Taxes on sugar-sweetened beverages (SSBs), sometimes called soda taxes, are rising in popularity – but not without controversy. These taxes aim to improve health by reducing sugar intake while generating revenue for government initiatives. However, opponents of the beverage taxes argue that they don’t work or are an example of governmental overreach. To hinder the rising popularity of SSB taxes, these opponents have enacted a new strategy called “preemption.”
Preemption prevents state and local governments from passing certain laws. In this case, states have passed preemption laws that prohibit cities from enacting taxes on sugar-sweetened beverages. Preemption has previously been used by the tobacco and firearm industries – 45 states have laws affecting the ability of cities to enact gun control laws, and twelve states preempt smoke-free laws. Beyond SSB taxes, states are using preemption to control legislation over things like e-cigarettes, paid sick days, and fire sprinklers. At a higher level, the federal government is also able to preempt states from passing certain laws.
This June, California banned any new food or beverage taxes until 2031, and Arizona and Michigan have recently preempted beverage taxes. The California preemption appears to be the result of the beverage industry’s financial backing of a ballot initiative threatening to negate any local tax passed in 2018 with less than a two-thirds supermajority. Passage of this initiative would have resulted in many localities losing essential revenue, so the legislature passed the food and beverage tax preemption as an alternative. As of our latest check, Oregon and Washington have also introduced preemption ballot measures.
Sugar-sweetened beverages contribute the largest amount of sugar to the American diet, accounting for 6.5% of adults’ total daily calories. Consumption is linked to obesity, type 2 diabetes, heart disease, and tooth decay. Given the lack of nutritional value in sugary beverages, public health experts have zeroed in on reducing their intake as a way of combatting the rise of obesity and type 2 diabetes.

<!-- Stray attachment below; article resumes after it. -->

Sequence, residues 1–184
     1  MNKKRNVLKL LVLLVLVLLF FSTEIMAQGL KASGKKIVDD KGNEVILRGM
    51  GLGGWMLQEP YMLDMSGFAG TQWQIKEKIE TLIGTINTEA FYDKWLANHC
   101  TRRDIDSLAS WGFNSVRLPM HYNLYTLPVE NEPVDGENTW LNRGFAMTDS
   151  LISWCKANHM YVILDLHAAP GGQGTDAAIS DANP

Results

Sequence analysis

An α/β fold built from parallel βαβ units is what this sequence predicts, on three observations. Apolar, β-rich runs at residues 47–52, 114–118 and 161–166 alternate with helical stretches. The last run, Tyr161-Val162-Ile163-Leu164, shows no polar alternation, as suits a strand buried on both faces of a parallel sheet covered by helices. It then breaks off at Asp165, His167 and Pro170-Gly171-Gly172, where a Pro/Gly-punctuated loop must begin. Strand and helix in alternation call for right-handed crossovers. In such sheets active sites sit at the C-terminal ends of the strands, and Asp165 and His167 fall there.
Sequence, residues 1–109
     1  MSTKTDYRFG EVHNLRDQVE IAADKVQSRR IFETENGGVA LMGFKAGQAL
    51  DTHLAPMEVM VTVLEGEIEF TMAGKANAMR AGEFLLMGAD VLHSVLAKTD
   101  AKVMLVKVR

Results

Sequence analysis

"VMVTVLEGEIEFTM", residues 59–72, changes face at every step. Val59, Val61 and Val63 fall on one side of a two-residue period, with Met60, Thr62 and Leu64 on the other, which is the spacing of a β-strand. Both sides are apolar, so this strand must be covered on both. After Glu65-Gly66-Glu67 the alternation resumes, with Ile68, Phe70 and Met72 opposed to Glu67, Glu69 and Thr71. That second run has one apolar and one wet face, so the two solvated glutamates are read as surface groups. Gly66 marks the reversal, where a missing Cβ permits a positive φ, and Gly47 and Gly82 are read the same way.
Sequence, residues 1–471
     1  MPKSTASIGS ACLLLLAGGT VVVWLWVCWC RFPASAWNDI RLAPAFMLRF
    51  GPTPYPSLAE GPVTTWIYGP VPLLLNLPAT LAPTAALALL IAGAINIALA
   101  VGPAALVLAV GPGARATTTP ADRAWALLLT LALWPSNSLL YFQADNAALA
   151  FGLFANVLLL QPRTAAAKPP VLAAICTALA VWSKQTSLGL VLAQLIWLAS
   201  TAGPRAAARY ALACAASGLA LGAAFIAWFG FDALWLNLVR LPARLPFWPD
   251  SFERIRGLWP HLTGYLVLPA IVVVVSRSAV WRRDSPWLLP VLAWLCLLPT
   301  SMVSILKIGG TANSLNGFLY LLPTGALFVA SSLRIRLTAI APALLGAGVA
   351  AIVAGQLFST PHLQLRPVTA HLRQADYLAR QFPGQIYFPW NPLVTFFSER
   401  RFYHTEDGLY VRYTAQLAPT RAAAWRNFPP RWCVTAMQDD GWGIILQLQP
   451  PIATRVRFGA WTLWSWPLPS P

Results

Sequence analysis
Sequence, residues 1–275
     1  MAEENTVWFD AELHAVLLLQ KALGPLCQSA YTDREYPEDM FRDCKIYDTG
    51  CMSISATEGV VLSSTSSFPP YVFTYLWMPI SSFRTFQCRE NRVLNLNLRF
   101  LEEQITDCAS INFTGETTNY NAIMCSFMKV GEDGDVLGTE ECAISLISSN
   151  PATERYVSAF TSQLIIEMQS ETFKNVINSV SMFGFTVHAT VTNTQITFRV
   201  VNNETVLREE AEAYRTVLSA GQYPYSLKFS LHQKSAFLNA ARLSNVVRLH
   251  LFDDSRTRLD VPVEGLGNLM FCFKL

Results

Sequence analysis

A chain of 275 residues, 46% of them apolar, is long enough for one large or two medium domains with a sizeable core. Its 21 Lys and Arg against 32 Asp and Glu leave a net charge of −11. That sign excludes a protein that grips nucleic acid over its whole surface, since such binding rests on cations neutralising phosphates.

Taxes that raise the shelf price of sugar-sweetened beverages are one way to discourage consumption. In its first year, Berkeley’s penny-per-ounce tax reduced consumption by 10% and generated $1.4 million in revenue. In Mexico, a peso-per-liter tax led to a 7.6% decline in purchases.
In total, there are eight national SSB taxes in effect:
- Berkeley (2015)
- Navajo Nation (2015)
- Philadelphia (2017)
- Oakland (2017)
- Boulder (2017)
- Albany (2017)
- San Francisco (2018)
- Seattle (2018)
- Cook County (2017 - repealed)
Additionally, 33 countries around the world have passed soda taxes: Finland, Northern Mariana Islands, Norway, Samoa, French Polynesia, Nauru, Hungary, Fiji, France, Tonga, Mauritius, Vanuatu, USA, St. Helena, Mexico, Kiribati, Dominica, Chile, Barbados, Belgium, UAE, Catalonia, Spain, Saudi Arabia, Portugal, Brunei, Thailand, UK, South Africa, Philippines, Ireland, Peru, Estonia, and Bermuda.
Though preemption laws are limiting the spread of this important public health effort, many voters will have the chance to influence the future of soda taxes at the polls this November. Learning the platforms of potential state legislators will be critical in determining if these laws might be implemented.
Even where city-wide soda taxes are prohibited, local institutions can still work to reduce the prevalence of sugary beverages. SugarScience’s guide offers a resource kit for promoting healthy beverage consumption at your organization.